WTF: Why is service an important part of the youth group experience at River Heights?

J: Our purpose as a youth group is the same as {River Heights Vineyard}’s purpose: Love God, love people, and change the world. It’s really just a quick rephrase of what Jesus has told every one of his followers to do. Jesus shows us a picture of God that is shockingly dissimilar to our mental pictures of power and kingship. Jesus loves and comes to serve. When we love him and the people he loves, we do begin to change the world. We want our youth to have the chance to experience this and build it into their lives.


Answering questions: like a boss. Or. . . like a pastor, really. . .

Answering questions: like a boss. Or. . . like a pastor, really. . .


I also asked some questions of the participants in the famine – the youth group members themselves. A couple of them – Alana and Alexis, both fourteen years old – were willing to chime in.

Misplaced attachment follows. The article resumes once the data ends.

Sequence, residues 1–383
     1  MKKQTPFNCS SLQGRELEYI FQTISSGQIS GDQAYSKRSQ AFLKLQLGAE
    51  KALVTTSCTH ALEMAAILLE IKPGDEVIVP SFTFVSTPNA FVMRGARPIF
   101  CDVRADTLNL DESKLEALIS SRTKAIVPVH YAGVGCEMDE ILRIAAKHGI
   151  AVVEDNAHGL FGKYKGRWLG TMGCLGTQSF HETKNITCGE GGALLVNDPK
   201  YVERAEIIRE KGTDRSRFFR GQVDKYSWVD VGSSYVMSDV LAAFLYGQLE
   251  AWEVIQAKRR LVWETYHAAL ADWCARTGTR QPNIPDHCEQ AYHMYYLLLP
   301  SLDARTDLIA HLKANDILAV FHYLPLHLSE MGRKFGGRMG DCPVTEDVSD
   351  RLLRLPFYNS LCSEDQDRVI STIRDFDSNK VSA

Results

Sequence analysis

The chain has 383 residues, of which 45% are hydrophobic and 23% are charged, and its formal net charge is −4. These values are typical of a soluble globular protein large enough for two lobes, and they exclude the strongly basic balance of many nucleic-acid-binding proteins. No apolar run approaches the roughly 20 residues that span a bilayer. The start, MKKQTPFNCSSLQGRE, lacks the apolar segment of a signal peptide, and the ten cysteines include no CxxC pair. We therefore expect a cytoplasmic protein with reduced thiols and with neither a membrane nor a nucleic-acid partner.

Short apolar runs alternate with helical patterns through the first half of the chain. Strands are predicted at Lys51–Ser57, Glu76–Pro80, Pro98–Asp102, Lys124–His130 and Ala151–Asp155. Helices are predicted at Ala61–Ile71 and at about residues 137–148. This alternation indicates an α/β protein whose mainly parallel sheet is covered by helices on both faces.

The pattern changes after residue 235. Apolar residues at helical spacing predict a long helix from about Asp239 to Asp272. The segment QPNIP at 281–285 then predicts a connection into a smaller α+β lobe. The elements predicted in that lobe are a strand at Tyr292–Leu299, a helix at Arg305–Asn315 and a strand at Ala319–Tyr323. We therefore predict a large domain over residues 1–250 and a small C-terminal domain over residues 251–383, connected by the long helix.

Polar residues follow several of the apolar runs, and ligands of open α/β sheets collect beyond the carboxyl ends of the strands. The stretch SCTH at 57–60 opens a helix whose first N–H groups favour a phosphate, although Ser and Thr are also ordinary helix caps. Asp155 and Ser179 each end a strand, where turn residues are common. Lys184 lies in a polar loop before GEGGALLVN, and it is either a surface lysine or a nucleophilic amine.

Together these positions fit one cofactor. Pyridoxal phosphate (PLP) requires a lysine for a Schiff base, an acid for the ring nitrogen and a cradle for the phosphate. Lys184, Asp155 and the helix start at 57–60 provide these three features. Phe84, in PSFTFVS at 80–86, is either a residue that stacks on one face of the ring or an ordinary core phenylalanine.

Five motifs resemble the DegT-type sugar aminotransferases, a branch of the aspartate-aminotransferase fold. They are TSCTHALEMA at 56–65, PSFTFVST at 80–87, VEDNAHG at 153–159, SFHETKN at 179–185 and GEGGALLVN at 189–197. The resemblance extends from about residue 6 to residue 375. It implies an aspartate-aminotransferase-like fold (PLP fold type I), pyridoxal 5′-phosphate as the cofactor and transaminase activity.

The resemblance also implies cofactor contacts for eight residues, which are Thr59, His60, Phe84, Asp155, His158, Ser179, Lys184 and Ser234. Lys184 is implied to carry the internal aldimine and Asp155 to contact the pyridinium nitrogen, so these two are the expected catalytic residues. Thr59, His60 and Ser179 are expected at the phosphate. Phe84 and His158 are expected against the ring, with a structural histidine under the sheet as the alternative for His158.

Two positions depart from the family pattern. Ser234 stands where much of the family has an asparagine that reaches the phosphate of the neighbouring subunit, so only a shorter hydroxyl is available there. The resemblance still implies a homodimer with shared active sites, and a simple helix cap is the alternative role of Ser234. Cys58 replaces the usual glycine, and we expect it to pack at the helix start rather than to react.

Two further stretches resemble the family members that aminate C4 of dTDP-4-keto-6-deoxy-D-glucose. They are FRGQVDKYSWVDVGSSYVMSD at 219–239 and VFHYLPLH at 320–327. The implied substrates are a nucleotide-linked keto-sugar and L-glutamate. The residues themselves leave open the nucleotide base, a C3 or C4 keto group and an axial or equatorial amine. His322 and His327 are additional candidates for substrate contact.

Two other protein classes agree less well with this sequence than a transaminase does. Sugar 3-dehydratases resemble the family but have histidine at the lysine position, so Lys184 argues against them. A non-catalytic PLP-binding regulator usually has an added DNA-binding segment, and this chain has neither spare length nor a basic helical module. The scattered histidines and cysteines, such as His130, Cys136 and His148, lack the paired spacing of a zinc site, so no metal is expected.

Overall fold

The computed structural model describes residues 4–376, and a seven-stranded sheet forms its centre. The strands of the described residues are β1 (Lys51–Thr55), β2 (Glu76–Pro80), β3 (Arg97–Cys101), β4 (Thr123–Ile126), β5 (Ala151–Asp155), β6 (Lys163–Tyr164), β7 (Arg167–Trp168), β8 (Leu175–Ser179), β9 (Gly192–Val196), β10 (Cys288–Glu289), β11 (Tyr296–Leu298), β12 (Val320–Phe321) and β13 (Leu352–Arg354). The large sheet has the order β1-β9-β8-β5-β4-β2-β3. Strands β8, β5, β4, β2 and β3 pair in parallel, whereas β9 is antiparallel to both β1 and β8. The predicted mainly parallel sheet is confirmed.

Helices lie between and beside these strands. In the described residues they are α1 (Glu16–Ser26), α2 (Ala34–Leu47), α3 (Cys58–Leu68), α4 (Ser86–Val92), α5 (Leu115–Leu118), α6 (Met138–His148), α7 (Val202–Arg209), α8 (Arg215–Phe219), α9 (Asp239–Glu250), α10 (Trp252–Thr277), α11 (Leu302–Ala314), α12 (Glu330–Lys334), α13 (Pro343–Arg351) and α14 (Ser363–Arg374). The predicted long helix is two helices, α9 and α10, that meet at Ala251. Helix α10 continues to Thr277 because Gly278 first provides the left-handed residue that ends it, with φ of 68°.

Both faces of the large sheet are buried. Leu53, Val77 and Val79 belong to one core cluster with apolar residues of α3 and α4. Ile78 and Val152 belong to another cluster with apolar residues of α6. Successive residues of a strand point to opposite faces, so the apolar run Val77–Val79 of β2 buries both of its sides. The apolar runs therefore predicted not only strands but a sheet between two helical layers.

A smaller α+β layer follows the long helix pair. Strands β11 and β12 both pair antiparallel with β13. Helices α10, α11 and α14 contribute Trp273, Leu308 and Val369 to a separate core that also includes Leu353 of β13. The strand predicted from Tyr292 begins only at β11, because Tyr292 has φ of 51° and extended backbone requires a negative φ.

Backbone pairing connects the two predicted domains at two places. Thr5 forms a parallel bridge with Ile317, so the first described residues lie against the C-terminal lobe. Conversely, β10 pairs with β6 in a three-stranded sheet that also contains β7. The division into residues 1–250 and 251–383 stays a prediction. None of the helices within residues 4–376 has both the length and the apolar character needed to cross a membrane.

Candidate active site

What the Faith: The famine is coming up pretty soon. Are you excited? Nervous? How are you feeling about it and why?

Alexis: Yes, because it’s fun and it’s an amazing opportunity to get closer with God.

WTF: Why is going without food an important part of this charity event? You could just raise the money, send it to World Vision, and then go eat a pizza! Why is it important that you go through that period of famine yourself?

Alexis: Because it kind of gives you an idea of what starving people live like every day.

Alana: You can experience the circumstances others deal with and it makes you feel more appreciative when you finish.